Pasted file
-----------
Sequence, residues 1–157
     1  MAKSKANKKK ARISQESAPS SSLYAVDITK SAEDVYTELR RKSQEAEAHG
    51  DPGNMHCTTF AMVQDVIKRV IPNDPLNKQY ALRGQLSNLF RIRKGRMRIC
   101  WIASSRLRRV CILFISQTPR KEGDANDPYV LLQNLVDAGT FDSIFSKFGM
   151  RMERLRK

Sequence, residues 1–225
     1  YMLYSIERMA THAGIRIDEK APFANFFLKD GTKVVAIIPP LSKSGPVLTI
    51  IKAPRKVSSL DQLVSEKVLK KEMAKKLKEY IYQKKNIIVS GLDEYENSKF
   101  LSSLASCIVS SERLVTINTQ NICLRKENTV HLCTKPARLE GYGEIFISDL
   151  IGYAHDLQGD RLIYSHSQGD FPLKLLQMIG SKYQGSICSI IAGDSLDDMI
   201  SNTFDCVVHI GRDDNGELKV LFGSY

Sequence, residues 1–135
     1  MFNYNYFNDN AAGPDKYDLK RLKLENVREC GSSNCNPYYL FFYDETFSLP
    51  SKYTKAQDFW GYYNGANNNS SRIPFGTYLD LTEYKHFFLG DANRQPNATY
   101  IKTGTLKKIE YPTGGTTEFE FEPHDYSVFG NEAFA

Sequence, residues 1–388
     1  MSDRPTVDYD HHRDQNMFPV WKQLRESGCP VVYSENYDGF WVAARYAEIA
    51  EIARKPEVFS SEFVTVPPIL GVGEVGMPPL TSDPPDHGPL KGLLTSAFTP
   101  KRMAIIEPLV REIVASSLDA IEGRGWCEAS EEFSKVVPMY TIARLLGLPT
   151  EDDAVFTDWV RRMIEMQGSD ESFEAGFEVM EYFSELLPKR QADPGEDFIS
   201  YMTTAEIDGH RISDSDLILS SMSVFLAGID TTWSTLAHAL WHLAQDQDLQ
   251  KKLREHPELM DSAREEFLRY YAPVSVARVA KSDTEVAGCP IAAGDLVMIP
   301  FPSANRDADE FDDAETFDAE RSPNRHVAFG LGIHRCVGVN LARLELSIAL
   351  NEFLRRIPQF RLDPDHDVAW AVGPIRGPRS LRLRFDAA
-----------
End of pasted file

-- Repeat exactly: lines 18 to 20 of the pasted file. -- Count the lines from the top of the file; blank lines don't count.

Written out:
    51  EIARKPEVFS SEFVTVPPIL GVGEVGMPPL TSDPPDHGPL KGLLTSAFTP
   101  KRMAIIEPLV REIVASSLDA IEGRGWCEAS EEFSKVVPMY TIARLLGLPT
   151  EDDAVFTDWV RRMIEMQGSD ESFEAGFEVM EYFSELLPKR QADPGEDFIS